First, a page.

PENSIONER Frank Marsh jumped in front of a train after becoming worried he would need to go into a care home.
An inquest heard the 76-year-old threw himself in front of a train at Rowlands Castle railway station.
The hearing at Portsmouth Guildhall heard Mr Marsh had led a fit and active life and swam regularly. But he suffered with depression after developing a bladder problem that meant he had to use a catheter.
Mr Marsh emailed his best friend Anna Thomas, who lives in Cornwall, an hour before he died to tell her he was going to take his own life.
The inquest heard Mr Marsh never married and had worked as an auditor at Zurich Insurance in Portsmouth for many years.
Sergeant Noel Lilly, from British Transport Police, told the inquest the train was travelling south to Havant and did not stop at Rowlands Castle.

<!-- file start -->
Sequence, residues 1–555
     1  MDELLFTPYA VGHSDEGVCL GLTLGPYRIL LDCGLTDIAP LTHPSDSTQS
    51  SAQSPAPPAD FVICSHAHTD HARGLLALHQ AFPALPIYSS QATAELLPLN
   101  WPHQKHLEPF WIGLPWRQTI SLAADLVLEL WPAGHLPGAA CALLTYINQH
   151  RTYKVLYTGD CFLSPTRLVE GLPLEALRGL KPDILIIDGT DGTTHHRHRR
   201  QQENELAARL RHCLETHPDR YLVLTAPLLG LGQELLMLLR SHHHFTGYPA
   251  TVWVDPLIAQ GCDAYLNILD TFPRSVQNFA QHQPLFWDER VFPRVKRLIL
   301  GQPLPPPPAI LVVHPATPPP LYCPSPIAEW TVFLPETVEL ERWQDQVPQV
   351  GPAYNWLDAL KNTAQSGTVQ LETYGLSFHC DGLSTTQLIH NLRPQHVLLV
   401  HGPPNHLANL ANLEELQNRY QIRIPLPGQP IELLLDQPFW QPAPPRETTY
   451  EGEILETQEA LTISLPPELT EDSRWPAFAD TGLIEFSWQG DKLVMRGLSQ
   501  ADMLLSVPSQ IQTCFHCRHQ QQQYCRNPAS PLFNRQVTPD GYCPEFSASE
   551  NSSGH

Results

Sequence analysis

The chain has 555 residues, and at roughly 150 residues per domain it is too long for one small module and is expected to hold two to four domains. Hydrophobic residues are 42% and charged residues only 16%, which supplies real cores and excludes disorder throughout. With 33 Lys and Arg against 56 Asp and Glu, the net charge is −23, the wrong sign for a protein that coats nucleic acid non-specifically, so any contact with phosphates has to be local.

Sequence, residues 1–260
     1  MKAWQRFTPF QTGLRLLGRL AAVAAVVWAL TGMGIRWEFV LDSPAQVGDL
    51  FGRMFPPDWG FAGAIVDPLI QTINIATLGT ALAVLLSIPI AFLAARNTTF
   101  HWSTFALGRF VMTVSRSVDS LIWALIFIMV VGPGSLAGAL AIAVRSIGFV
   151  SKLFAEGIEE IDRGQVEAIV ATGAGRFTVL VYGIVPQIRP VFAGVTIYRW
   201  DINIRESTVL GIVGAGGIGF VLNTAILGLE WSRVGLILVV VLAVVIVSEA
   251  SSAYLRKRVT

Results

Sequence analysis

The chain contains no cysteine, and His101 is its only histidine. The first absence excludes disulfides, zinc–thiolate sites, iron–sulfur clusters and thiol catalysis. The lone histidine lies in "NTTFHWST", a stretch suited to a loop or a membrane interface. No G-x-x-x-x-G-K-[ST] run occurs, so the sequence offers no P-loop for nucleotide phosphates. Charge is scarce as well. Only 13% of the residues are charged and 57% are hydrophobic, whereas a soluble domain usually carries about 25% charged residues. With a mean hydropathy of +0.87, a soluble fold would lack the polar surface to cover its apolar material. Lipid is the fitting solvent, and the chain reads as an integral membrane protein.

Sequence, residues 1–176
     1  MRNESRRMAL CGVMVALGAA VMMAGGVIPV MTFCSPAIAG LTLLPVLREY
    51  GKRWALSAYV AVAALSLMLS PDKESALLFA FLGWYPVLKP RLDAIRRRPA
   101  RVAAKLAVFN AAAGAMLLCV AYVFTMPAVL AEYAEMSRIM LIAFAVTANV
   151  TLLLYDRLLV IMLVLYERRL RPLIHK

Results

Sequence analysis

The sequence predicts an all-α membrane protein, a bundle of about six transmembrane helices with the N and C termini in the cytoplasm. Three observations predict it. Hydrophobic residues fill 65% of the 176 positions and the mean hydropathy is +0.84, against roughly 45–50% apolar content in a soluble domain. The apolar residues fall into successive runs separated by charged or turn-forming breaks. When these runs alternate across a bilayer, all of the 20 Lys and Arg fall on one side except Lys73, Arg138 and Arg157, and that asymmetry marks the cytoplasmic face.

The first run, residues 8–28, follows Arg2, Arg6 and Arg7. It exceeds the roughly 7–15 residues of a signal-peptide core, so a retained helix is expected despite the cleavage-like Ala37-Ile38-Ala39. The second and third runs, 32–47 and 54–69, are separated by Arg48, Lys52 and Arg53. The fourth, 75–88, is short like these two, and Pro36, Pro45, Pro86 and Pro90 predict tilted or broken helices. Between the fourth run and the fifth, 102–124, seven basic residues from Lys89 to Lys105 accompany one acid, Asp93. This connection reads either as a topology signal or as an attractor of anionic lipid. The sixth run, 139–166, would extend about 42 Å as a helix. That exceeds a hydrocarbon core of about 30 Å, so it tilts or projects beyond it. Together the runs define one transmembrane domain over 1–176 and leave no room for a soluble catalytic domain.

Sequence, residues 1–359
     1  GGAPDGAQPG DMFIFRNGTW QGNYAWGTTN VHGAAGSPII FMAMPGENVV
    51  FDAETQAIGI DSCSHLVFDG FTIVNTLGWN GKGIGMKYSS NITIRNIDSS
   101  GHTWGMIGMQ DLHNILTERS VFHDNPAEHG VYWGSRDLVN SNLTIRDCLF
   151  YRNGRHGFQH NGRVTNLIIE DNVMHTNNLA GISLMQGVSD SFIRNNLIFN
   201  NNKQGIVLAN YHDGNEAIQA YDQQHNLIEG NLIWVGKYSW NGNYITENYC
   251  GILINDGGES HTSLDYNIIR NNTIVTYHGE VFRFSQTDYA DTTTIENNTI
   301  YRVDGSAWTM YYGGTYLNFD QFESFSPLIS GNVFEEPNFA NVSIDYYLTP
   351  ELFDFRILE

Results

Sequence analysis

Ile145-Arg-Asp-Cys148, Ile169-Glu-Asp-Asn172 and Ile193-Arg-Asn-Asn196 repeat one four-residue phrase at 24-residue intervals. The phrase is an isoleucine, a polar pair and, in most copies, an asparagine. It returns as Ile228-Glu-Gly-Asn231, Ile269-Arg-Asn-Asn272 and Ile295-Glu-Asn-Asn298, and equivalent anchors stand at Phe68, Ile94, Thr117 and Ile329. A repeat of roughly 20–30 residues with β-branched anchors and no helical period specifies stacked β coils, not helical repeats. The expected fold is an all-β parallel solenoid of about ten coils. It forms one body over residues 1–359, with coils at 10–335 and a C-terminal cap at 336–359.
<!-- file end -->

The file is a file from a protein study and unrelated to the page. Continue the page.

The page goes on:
He said the train driver noticed a man standing at the end of the platform.
He said: ‘There was nothing unusual about the way he was standing.’
Mr Marsh, of Wentworth Drive, Horndean, then jumped into the path of the train and died instantly at about 7.50pm on April 1.
A post-it note being carried by Mr Marsh told police to ‘phone Anna Thomas in the event of my death’.
The inquest heard Mr Marsh went on holiday to Spain with Mrs Thomas’ family in 2010 and had a great time, but later became depressed.
Sgt Lilly said Mr Marsh was unhappy about needing a catheter.
He added: ‘He felt it was an intrusion into his life. He had a real fear of being put into a home.’
Coroner David Horsley, recording a verdict of suicide, said: ‘Mr Marsh had a serious bladder problem that led him to become very depressed.’